During summer peak traffic, by comparison, only 20 percent of the traffic either starts, ends, or stops in Paynesville, indicating a need to have faster flow through town.
This is exactly the point of an interregional corridor, a designation given to Highway 23. Interregional corridors are meant to have less local traffic (by limiting access) allowing thru-traffic to travel at faster speeds.
While there has not been a determination whether two or four lanes will be needed when the project is built, MnDOT will plan to have four lanes eventually and pursue a corridor to accomodate that, said Flaten.
In general, a four-lane highway is 300 feet wide, said Parker. This includes two ditches, two two-lane roadways, and a grass median. If they use an urban design in town, with curbs for dividers instead of shoulders, the highway possibly could take only half that space.
At an interchange, which are planned with Highway 55 for the bypass routes, the road could be much wider, possibly 1,500 feet, said Parke, with on ramps and off ramps. And, whether a two-lane highway or a four-lane highway is built, the engineering goal, since the road is an interregional corridor, will be to limit access and allow for greater speeds, said Parker.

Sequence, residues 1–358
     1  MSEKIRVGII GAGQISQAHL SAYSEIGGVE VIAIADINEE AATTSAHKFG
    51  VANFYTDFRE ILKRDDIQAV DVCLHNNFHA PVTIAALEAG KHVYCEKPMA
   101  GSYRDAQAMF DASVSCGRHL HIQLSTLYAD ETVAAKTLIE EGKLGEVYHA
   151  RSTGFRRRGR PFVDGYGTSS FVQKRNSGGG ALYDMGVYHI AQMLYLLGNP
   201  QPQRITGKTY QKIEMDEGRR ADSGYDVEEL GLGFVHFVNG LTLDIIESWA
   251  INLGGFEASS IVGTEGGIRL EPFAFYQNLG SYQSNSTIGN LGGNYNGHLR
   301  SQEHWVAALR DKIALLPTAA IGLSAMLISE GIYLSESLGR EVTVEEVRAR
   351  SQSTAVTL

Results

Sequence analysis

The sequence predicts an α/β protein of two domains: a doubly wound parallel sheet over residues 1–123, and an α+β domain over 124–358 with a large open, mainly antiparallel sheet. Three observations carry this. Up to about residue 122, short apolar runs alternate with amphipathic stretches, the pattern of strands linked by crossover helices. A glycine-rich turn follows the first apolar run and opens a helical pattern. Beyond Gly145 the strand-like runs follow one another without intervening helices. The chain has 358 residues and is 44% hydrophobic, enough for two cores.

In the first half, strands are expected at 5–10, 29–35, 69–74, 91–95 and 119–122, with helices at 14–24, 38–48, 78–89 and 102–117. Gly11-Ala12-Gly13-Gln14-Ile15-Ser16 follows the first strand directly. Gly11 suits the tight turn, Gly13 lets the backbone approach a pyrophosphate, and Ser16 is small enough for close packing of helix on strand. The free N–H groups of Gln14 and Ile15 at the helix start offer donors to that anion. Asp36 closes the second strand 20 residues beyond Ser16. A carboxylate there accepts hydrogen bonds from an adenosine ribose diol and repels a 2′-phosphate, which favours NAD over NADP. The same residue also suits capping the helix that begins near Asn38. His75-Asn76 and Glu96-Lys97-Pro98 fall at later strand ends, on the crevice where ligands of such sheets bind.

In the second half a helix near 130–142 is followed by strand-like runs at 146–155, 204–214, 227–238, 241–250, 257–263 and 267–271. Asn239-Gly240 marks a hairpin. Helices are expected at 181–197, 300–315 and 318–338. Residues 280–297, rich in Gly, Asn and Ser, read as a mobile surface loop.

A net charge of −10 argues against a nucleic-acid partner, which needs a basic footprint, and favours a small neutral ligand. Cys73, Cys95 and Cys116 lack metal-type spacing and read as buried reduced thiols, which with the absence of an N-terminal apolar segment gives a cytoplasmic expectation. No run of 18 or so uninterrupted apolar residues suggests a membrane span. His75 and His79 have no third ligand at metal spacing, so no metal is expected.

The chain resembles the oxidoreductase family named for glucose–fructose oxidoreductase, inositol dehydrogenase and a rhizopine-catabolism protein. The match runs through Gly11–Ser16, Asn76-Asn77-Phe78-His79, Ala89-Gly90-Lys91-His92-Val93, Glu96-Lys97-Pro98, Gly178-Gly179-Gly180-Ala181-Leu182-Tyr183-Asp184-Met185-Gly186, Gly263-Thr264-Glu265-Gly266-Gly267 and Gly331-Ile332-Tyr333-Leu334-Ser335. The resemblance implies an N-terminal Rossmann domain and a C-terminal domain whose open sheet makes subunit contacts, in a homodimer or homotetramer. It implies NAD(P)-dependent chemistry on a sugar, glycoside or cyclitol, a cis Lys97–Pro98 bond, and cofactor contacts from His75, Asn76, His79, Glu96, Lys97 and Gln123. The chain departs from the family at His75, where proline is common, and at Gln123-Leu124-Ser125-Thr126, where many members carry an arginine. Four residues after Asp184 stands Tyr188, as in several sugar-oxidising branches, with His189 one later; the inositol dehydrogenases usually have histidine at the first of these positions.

The design speed for a new road could be 65 mph on a four-lane bypass outside the city limits and between 30-55 mph within town, depending on the number of lanes, route, design, and accesses.
Other engineering concerns to consider when finding the optimum route for Highway 23 are, according to Parker: the city, the airport, the Crow River, Highway 55, trust fund lands, the golf course, the city sewage ponds, the city well fields, and the substation. Social/environmental considerations are: the Crow River, wetlands, the high water table, farmland, noise, Lake Koronis, the floodplain, residential/business, the DNR trail, and the proposed pedestrian/ bike trail.